Running is one of the most popular sports in the world. In the US alone, almost 50 million people participated in running in 2019. Running has enumerable health benefits. It can improve your stamina, strengthen your bones and muscles, help with weight management, and reduce your risk for multiple health conditions including cardiovascular disease, cancer, neurological diseases, and more. As with any sport, however, there is a potential for injury, especially when we are first starting out. Many runners will encounter some form of injury, but whether you are new to the sport or a long-time runner, following these guidelines can help reduce your risk for injury:
1) Build up your endurance
One of the most common ways to get an overuse injury is by doing too much, too quickly. When you are starting out, it is best to gradually increase the distance or time that you run, and gradually adjust your pace. This gives your body time to adjust to the new demands on your bones and muscles. Give yourself time to recover in between runs and listen to your body’s demands.
2) Find a running program
Whether there is a marathon on your bucket list, or you just want to gradually increase your distance and endurance, there are programs out there that are designed to help you reach these goals safely. For example, the Couch To 5K training plan and running guide is a great tool for beginners, and helps you progress in a way that helps prevent overuse injuries. For those who are looking for more advanced training, half- and full marathon training programs are available from Runner’s World, Hal Higdon, Jeff Galloway, and are often also available on the event websites.
3) Strength training
While it makes sense to want to focus on increasing your distance, strength training is equally important in preventing running injuries. When you run, you put three times your body weight (or more!) through your legs. Having good muscle strength helps keep your joints aligned properly and your muscles better prepared to control that load.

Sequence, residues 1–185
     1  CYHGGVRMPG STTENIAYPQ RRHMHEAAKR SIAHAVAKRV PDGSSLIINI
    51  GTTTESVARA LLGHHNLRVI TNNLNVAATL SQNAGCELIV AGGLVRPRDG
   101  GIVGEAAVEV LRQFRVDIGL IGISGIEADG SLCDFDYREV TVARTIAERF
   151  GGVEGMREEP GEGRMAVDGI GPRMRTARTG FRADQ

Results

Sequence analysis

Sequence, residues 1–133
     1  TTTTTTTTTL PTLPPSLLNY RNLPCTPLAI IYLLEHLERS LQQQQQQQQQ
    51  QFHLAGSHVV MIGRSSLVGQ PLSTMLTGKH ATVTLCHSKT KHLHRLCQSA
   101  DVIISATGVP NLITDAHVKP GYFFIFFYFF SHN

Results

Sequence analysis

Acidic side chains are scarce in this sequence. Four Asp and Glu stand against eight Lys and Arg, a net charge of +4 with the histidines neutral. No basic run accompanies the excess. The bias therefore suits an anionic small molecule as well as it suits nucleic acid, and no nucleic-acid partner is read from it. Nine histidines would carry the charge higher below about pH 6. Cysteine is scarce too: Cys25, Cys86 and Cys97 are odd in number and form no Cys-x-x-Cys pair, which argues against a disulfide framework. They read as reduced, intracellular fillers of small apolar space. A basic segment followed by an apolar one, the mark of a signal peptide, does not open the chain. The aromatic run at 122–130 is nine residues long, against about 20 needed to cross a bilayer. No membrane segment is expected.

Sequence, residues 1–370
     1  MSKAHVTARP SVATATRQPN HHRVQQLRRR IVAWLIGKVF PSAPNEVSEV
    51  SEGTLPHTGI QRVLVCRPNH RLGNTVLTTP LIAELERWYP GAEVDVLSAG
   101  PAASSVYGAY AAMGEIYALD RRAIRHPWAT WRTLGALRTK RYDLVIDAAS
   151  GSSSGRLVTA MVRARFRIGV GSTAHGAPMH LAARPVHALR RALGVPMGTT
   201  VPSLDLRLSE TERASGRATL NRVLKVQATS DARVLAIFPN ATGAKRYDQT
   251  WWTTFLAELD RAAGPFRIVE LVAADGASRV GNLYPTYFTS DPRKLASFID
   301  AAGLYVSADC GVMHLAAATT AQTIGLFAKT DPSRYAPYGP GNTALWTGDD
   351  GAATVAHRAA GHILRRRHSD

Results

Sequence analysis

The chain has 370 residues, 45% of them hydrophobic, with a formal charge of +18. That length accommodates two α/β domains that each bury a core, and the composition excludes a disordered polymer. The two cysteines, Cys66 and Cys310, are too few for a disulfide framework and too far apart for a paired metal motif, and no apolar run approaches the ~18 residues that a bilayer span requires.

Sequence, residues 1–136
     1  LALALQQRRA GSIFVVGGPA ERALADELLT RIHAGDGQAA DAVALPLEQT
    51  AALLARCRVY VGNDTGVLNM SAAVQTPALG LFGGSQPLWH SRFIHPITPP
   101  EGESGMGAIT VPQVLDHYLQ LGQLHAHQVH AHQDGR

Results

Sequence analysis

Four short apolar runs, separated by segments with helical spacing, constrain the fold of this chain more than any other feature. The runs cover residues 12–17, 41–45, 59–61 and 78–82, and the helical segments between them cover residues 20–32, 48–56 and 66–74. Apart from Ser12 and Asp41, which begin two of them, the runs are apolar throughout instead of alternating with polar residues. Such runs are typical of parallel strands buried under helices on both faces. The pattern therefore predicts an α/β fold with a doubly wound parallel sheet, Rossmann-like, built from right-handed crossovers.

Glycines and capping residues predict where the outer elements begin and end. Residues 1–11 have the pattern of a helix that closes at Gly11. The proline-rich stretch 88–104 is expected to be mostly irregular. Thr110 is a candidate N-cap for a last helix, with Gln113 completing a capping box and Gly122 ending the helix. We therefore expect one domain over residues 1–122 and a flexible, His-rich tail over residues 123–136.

4) Set reasonable goals
Setting goals is a great way to visualize and maximize your success; however, it’s important to make sure you can achieve your goals without injury. If you’ve never run a 5k, 10k, or marathon before, make sure to pick an event far enough in the future that you’ll have enough time to complete a training program. This will help prevent injuries and sets you up for success!
5) Try a running analysis
If you do experience pain or injuries with running, a Physical Therapist might be able to help. A running analysis is an assessment that allows your PT break down your form to see what might be contributing to your problem(s). Your PT will take a video of you running and assess it frame-by-frame to look at your running mechanics and how those movements match with your problem areas, and/or areas that could be an issue in the future. They can then make recommendations for exercises, footwear, or changes to your running form to address them.
Despite our best efforts, overuse injuries are common and sometimes are unavoidable. It’s normal for muscles to be sore when you first start running or start increasing your distance. If you feel that you aren’t recovering between sessions, have pain that increases from run to run, have pain in your joints, or pain along a bone, however, it’s a good idea to consult a doctor or physical therapist regarding a possible injury.
“One of the best ways I’ve heard to look at running is that it’s not running that’s bad for you, it’s bad running,” said Physical Therapist, Rebecca Erlich of TPMG Physical Therapy. “Making sure that you take your time and use good form helps keep you active a lot longer.” Running is a sport that requires patience. You can change your shoes, change the surface you run on and the terrain, or change your distance/time spent running, but changing these things at the same time can often lead to overuse injuries.
Running injuries are painful, but they don’t necessarily mean it’s the end of the road. By setting reasonable goals, increasing your strength and endurance gradually, and finding a running program that matches your needs, you can cut down on needless injuries. If you’re looking for some help developing a running program or dealing with a running injury, consider speaking with a TPMG Physical Therapist today.
About Rebecca Erlich, PT, DPT, OCS
As a certified physical therapist, Rebecca Erlich, PT, DPT, OCS treats a variety of conditions but has a special interest in those pertaining to the shoulder, knee, and hip. She is experienced in video gait analysis—particularly evaluating running mechanics and the treatment and prevention of running injuries. Prior to joining TPMG, Rebecca had the opportunity to work at Fort Eustis, Virginia where she provided outpatient orthopedic services to active duty service members, veterans, and their families. While at Fort Eustis, Rebecca attended courses on manual therapy, aquatic rehab, sports rehabilitation, and received training in adaptive sports and rehab with the USOC Paralympic Committee. She was also the physical therapist for the All-Army Soccer team for three seasons. It was at Fort Eustis that she became interested in working with runners after treating many running injuries during her four-year tenure.
TPMG Physical Therapy welcomed Rebecca to their team of Physical Therapists in 2011.